The term “Arab Spring” has turned out to be premature. At best, it holds a vision for the distant future, and it certainly does not describe the current situation in the Middle East more than three years after Muhammed Bouazizi immolated himself in Tunisia (December 17, 2010) and provided the initial impetus for the outbreak of the popular uprisings that swept the entire region. The optimism many expressed at the beginning of the upheaval has largely given way to disappointment and concern. Increasingly, it is doubted that the movement that toppled autocratic rulers is capable of providing political cohesion and liberal reform to societies that lack a democratic culture and are laden with poverty, unemployment, illiteracy, tribalism, social divides, radical Islam, the oppression of women, corrupt regimes, discrimination against minorities, poor education systems, backward economies, and a weakened middle class.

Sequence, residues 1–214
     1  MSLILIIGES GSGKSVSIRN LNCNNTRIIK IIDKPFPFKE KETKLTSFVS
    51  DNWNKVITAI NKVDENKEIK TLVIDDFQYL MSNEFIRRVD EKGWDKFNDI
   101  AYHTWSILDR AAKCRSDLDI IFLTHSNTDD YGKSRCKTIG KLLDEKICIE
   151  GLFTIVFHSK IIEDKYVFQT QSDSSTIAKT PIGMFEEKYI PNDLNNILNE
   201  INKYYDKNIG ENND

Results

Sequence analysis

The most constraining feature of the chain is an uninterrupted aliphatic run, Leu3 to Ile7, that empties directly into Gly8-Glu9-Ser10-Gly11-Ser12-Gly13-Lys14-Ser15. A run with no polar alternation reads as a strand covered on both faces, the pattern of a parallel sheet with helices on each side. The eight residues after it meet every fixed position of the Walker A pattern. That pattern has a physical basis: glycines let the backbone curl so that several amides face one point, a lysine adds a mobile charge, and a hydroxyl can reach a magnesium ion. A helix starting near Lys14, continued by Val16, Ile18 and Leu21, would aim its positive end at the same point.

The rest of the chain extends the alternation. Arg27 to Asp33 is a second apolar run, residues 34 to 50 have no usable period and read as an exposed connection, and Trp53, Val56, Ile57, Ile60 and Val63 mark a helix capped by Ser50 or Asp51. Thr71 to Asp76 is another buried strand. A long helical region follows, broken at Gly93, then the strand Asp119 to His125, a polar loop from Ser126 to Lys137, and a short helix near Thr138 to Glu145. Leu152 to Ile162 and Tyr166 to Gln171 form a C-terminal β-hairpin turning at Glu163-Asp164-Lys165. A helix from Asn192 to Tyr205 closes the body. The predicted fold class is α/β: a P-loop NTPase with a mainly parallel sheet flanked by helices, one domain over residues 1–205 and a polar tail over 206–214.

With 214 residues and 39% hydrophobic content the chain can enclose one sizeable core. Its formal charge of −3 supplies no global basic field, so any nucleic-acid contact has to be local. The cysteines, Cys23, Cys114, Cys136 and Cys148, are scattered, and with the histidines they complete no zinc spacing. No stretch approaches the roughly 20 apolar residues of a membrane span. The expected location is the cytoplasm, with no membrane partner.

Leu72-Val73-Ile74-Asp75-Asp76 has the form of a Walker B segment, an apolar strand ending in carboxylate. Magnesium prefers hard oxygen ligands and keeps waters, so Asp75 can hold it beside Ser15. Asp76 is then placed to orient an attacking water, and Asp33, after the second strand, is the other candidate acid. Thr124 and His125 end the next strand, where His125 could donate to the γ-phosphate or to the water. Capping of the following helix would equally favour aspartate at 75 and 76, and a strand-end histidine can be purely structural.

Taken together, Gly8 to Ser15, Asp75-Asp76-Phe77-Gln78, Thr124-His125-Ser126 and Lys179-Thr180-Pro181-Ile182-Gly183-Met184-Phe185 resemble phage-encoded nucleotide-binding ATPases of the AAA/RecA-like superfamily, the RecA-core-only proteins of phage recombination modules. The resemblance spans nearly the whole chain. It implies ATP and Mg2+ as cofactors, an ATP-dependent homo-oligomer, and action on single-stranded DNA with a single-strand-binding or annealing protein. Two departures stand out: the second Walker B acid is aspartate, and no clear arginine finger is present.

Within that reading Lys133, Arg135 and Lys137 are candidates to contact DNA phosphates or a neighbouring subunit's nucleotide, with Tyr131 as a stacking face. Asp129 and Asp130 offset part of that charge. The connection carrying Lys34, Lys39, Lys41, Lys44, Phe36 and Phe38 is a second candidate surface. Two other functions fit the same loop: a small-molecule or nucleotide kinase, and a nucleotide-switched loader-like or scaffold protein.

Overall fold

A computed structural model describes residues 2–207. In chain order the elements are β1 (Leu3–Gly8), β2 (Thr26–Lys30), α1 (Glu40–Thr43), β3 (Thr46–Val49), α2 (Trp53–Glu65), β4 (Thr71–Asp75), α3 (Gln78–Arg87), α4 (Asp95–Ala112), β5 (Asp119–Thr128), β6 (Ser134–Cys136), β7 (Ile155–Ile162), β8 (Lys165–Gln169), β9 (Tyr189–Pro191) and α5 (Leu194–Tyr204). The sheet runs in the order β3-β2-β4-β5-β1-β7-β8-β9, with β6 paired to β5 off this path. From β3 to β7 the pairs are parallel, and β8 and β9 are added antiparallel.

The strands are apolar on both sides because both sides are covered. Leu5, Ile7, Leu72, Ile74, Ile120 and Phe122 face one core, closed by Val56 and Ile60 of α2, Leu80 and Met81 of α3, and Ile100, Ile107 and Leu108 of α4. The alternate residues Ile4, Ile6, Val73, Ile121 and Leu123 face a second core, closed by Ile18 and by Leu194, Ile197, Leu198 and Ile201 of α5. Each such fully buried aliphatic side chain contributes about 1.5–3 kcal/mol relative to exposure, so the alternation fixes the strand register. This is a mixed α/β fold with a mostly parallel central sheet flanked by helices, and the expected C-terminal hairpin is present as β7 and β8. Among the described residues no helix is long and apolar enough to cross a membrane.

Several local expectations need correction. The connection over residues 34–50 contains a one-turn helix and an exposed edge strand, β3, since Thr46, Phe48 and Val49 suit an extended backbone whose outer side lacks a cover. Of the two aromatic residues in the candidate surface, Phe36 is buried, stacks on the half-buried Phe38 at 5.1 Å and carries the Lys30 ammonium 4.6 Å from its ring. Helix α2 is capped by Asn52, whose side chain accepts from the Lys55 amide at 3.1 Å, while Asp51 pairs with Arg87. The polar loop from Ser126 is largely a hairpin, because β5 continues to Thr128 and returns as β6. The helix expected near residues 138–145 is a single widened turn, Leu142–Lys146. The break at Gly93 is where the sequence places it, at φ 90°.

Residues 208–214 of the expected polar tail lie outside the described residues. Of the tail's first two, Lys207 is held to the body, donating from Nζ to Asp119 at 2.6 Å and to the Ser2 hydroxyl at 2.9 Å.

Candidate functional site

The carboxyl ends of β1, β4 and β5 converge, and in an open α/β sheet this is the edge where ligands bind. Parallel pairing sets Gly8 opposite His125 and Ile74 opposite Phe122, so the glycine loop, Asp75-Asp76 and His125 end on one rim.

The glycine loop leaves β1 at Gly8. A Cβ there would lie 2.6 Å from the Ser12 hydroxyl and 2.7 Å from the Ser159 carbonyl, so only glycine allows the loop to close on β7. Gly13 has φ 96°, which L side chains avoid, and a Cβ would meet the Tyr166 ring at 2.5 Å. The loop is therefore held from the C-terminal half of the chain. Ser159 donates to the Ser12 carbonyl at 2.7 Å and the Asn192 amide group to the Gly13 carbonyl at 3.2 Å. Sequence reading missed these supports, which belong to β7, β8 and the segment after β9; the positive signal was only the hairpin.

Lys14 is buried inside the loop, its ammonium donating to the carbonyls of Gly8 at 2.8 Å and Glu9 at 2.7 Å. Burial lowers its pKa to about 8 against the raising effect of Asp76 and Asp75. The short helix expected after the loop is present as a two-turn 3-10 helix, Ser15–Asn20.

From Israel’s perspective, anchors that had provided relative strategic stability over the years have been weakened: Mubarak’s overthrow and the undermining of Egypt’s governability in general and in Sinai in particular; the deep crisis in relations with Turkey that seem unlikely to return to their previous levels; Syria’s de facto breakup; threats to the monarchy in Jordan – Israel’s neighbor, which has high strategic importance to Israel and the West; the anticipated changing of the guard in the Saudi leadership (King Abdullah is already past 90 and has serious health problems); Iraq’s difficulty in maintaining its unity and stifling internal terror; and so on. It is becoming increasingly difficult to deal with weakened governments that are no longer the real “address” for what is taking place in their sovereign territory where problematic non-state actors are strengthening at their expense. The shock waves and the lack of effective central government control open the door for Al Qaeda and Global Jihad forces to expand their presence closer to the border with Israel. They are increasing their numbers in Syria (including in the Golan Heights) and in Sinai, and have even made several attempts to attack Israeli targets. Alongside the release of popular forces and energies seeking freedom and economic well-being, progress, respect, and governability, the regional earthquake unleashed anti-democratic and anti-Western forces and energies that have become dominant. Thus, the way was paved for the rise of political Islam, though its performance and achievements at the helm of power brought disappointment and disillusionment, which even led to a military coup in Egypt. Violent jihadist forces have arisen and prospered around the Middle East and have, among other things, turned Syria into the greatest concentration ever of Global Jihad forces. In addition to all this, Iran has yet to abandon its efforts to possess nuclear weapons, despite the negotiations being conducted with it.